Professor Rosemary Ashton

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Contact details

Name:
Professor Rosemary Ashton
Qualifications:
MA PhD
Position/Fellowship type:
Senior Research Fellow
Fellowship term:
25-Oct-2012
Institute:
Institute of English Studies
Home institution:
UCL
Email address:
r.ashton@ucl.ac.uk

Research Summary and Profile

Research interests:
English Literature, Language and Literature (German), Romanticism
Regions:
England, North America
Summary of research interests and expertise:

Anglo-German literary, intellectual, and cultural relations in the 19th century; the life and works of 19th-century authors, particularly Coleridge, Carlyle, G.H. Lewes, George Eliot, and Dickens; the history of radical publishing in the 19th century; group studies of German exiles who came to Britain after the revolutions of 1848 and their integration (or not) into Victorian society, of radical or unorthodox writers who gathered in the house of the radical publisher John Chapman, at 142 Strand in the 1850s, and of individuals and groups of educational and cultural innovators who founded progressive institutions in Bloomsbury during the 19th century

Project summary relevant to Fellowship:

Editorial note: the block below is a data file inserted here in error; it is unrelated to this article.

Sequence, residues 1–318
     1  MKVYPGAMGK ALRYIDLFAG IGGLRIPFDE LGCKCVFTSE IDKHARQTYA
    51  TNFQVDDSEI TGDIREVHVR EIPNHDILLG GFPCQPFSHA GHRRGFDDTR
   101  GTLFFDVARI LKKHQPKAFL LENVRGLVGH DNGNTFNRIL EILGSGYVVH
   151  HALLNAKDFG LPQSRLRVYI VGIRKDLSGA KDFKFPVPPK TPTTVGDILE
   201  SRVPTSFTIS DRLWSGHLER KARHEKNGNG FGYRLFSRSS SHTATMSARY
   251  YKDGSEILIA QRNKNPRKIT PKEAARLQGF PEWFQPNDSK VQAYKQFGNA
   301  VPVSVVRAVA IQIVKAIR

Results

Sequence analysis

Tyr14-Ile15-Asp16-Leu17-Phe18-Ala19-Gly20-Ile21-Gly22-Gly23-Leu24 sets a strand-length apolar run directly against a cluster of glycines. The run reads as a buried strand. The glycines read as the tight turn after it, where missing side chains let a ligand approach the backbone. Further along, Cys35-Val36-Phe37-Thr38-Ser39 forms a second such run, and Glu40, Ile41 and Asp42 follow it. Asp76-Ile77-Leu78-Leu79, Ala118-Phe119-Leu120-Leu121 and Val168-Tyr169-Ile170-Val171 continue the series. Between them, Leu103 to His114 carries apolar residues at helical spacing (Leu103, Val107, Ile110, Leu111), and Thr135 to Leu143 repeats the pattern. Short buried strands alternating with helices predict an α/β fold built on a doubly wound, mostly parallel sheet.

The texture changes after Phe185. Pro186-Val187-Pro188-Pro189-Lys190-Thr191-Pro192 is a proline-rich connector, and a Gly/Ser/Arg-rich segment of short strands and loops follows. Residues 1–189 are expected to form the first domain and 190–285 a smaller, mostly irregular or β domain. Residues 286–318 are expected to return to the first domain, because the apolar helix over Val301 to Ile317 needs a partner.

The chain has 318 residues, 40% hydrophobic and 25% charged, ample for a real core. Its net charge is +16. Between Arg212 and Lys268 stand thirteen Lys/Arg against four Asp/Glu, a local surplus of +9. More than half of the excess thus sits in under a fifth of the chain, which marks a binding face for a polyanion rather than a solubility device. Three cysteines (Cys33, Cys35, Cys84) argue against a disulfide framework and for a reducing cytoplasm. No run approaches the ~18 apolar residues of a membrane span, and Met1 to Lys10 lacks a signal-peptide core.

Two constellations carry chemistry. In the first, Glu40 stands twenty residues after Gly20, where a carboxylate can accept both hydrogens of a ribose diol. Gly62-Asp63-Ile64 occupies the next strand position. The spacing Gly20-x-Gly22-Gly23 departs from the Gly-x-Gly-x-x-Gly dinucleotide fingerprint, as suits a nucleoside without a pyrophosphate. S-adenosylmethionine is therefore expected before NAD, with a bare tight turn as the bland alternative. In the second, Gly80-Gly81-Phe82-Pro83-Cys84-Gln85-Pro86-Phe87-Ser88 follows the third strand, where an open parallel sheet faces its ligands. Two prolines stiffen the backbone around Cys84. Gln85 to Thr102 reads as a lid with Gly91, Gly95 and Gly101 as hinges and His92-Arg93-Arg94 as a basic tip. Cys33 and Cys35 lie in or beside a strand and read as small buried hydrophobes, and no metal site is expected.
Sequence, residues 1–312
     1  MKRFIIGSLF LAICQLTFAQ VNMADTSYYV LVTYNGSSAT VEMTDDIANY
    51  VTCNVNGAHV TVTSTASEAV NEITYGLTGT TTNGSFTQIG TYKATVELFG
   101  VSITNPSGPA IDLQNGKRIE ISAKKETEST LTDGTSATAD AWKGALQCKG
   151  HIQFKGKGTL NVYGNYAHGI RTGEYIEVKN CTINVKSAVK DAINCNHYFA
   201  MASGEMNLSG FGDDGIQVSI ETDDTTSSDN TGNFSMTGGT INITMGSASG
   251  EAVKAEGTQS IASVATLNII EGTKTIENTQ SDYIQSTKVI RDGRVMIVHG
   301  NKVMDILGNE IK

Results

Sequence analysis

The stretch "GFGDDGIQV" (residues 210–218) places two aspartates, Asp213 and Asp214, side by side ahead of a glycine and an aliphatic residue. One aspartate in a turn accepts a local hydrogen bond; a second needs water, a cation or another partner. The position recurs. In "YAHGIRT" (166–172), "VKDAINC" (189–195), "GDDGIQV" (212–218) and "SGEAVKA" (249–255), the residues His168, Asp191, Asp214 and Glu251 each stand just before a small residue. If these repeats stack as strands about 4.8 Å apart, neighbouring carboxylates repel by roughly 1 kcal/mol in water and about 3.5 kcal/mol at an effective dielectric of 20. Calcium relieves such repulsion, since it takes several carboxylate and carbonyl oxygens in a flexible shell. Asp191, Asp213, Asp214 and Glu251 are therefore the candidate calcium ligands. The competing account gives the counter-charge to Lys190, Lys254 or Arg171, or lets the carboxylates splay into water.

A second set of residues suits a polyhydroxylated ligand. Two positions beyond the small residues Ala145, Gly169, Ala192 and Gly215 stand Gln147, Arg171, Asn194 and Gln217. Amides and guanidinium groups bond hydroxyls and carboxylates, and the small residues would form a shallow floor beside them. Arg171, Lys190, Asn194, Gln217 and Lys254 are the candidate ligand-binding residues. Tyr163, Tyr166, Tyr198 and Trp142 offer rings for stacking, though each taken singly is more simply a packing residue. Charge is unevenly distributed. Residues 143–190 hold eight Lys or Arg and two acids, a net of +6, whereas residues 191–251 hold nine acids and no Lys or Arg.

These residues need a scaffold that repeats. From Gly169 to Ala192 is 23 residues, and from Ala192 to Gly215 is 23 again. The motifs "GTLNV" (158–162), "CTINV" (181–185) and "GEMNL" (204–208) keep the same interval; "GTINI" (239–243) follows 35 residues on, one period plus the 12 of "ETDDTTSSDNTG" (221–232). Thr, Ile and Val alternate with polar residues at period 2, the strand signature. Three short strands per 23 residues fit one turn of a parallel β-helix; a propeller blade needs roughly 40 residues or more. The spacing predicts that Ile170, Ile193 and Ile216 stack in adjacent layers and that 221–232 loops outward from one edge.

A study of the year 1858 to show connections, where feasible, between events both public and private which had a strong contemporary interest but also can be shown to have had long-term significance politically, socially, intellectually, or culturally. These events include the enactment of three important new laws: the Matrimonial Causes Act (extending the possibility of suing for divorce), the Medical Act, intended to regulate the medical profession and cut out quackery, and the removal of Jewish disabilities which allowed Baron Rothschild to take his seat in Parliament. Also important was the 'Great Stink' from the Thames which perdsuaded Parliament to set up sanitary arrangements including the embanking of the river; the laying of the first Atlantic cable; the expedition to Lake Tanganyika of Richard Burton; the founding of the 'English Woman's Journal' to agitate for women's education and legal rights; the joint paper by Darwin and Alfred Russel Wallace read out at the Linnaean Society, which presaged the publication of 'The Origin of Species' the following year; and the appearance of a new kind of 'realist' fiction, 'Scenes of Clerical Life', by George Eliot. A wide-ranging set of sources will be studied, including literary works, letters, diaries, newspaper reports, Hansard, and, where relevant, manuscript sources.